I have the following /etc/hosts file on a ubuntu 12.04 machine localhost ec2-50-112-220-110.us-west-2.compute.amazonaws.com puppetmaster

# The following lines are desirable for IPv6 capable hosts
::1 ip6-localhost ip6-loopback
fe00::0 ip6-localnet
ff00::0 ip6-mcastprefix
ff02::1 ip6-allnodes
ff02::2 ip6-allrouters
ff02::3 ip6-allhosts

However the host command does not resolve the name puppetmaster correctly, while the telnet command is does

root@ip-10-248-34-162:/home/ubuntu# host puppetmaster
Host puppetmaster not found: 3(NXDOMAIN)

root@ip-10-248-34-162:/home/ubuntu# telnet puppetmaster 8140
Connected to ec2-50-112-220-110.us-west-2.compute.amazonaws.com.
Escape character is '^]'.

Why does the host command not resolve entries in /etc/hosts?

4 Answers 4


The host program uses libresolv to perform a DNS query directly, i.e., does not use gethostbyname.

Most programs, when attempting to connect to another host, invoke the gethostbyname system call or a similar function. This function obeys the configuration of /etc/nsswitch.conf. This file has a line which in Ubuntu 12.04 defaults to the following:

hosts:          files mdns4_minimal [NOTFOUND=return] dns mdns4

which means that it will first use /etc/hosts, then fall back to DNS queries.

If you want to perform a host lookup this way, you can do this with getent hosts. For example:

$ getent hosts serverfault.com  serverfault.com

I hope this helps.

  • 2
    Thanks Kvisle, but I'm still a little confused. The line in /etc/nsswitch.conf looked like this hosts: files dns and I changed it to hosts: files mdns4_minimal [NOTFOUND=return] dns mdns4 however in both cases /etc/hosts is not queried, instead it appears direct dns queries are made. How can I ensure that /etc/hosts will be queried first when using a command like dig or host?
    – user784637
    Apr 11, 2013 at 19:33
  • 6
    You can't. dig/host uses DNS directly. If you need to do a namelookup that checks the hosts-file first, you have to use getent hosts or something else that uses gethostbyname()
    – Kvisle
    Apr 11, 2013 at 19:35
  • 1
    Oh I see, my bad, I got it now =)
    – user784637
    Apr 11, 2013 at 19:44
  • 2
    I believe that nowadays one should be using getent ahosts instead of getent hosts because getent hosts uses gethostbyaddr() or gethostbyname*() which are obsolete. If I have understood correctly, getent hosts emulates how old UNIX C programs used to work and getent ahosts emulates the way moderm programs should work. Oct 2, 2017 at 6:10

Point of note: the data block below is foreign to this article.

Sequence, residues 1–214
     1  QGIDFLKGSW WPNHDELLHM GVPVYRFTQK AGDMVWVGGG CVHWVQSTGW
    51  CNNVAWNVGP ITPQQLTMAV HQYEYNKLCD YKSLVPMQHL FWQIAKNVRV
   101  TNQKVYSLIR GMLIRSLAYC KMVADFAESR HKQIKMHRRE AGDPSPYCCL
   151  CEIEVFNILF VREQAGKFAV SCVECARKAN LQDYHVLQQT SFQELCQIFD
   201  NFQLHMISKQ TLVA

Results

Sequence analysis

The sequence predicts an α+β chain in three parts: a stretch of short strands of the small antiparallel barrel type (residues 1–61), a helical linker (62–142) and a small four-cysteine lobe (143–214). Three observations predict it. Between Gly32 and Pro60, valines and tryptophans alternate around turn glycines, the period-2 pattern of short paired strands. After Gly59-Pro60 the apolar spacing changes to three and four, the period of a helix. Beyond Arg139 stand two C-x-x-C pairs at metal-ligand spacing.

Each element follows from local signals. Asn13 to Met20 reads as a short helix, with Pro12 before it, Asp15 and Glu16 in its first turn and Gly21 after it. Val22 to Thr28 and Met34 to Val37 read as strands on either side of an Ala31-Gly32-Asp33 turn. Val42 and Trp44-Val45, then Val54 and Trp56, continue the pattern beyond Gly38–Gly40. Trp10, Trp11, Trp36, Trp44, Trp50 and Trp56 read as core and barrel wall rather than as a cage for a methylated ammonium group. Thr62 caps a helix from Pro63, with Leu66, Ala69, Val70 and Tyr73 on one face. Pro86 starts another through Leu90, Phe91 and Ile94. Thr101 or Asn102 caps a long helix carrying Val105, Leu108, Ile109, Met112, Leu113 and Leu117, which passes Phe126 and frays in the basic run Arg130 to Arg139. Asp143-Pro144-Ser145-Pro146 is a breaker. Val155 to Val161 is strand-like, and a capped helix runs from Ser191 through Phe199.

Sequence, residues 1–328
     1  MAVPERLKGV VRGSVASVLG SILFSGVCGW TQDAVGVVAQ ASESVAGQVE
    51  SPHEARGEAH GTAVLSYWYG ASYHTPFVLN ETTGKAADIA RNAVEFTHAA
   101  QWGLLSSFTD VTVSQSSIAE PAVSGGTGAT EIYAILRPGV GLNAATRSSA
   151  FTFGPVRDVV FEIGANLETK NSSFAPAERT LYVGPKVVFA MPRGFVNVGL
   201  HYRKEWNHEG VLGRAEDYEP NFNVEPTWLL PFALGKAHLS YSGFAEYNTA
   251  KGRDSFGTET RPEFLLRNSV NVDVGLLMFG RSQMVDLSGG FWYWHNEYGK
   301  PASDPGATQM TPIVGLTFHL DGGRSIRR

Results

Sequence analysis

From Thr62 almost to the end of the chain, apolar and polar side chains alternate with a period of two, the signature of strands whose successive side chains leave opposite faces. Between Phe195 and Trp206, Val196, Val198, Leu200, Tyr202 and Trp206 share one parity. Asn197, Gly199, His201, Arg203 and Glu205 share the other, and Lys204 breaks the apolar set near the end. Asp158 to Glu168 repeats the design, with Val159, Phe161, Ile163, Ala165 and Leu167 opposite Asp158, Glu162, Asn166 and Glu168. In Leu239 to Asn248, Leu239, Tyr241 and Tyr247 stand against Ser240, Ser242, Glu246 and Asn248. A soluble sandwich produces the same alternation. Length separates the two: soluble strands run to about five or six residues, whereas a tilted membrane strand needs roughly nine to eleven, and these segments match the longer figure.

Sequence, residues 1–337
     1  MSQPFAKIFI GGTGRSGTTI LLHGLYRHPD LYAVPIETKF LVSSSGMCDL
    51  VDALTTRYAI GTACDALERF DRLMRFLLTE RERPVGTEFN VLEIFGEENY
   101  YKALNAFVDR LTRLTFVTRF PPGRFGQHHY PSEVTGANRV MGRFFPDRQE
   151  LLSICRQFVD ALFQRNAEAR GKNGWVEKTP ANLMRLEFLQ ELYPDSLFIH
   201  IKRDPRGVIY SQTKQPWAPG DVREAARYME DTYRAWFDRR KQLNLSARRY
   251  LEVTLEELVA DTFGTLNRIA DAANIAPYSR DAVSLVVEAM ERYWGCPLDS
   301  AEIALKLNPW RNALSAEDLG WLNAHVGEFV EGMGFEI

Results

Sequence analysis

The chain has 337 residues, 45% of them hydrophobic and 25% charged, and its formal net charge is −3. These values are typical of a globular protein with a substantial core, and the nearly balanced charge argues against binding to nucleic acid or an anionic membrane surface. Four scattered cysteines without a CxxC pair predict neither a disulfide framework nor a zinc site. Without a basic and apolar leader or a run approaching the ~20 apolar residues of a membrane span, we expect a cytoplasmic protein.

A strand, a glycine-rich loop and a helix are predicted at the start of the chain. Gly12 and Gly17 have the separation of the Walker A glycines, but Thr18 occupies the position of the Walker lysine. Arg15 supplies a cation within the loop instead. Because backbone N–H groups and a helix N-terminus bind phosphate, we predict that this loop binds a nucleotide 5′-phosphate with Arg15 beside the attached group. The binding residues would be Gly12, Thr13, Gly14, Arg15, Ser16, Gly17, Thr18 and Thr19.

• But is there a way to make host command use also /etc/hosts?
    – Kornel
    Jan 9, 2018 at 20:25

Because the host utility is exclusively a DNS lookup utility.

Most applications use the library calls getaddrinfo or gethostbyname. These libraries interrogate a file called /etc/nsswitch.conf to determine the lookup priority and policy of how to perform different lookups.

Typically /etc/nsswitch.conf contains the line

hosts:        files dns

Which tells a program to first interrogate /etc/hosts and then interrogate DNS if unsuccessful.

Since hosts does exclusively DNS lookups it does not peek into /etc/hosts to do the lookup.

  • I suppose "Since hosts does..." is a typo for "Since host does...". Oct 21, 2020 at 14:36

You will find that dig and nslookup behave the same way as host.

The reason for this is that the purpose of all of these commands is to do DNS lookups, not to look in files.

Most other programs use the operating system's name resolver which consults /etc/nsswitch.conf and then (if required) /etc/resolv.conf to decide how to resolve the hostname you are requesting. (This is a simplification, there are other options.) The nsswitch.conf file usually puts precedence on local files rather than DNS.


check the file /etc/nsswitch.conf and look for the line starting with word "hosts"? Do you see the word "files" on this line ? If yes, is it before or after the word "dns" ?

On a normal system, this line should be something like

hosts      files dns

if yours is not present or in different order, that might be your problem.

  • It's present and looks like this hosts: files dns
    – user784637
    Apr 11, 2013 at 19:22

You must log in to answer this question.

Not the answer you're looking for? Browse other questions tagged .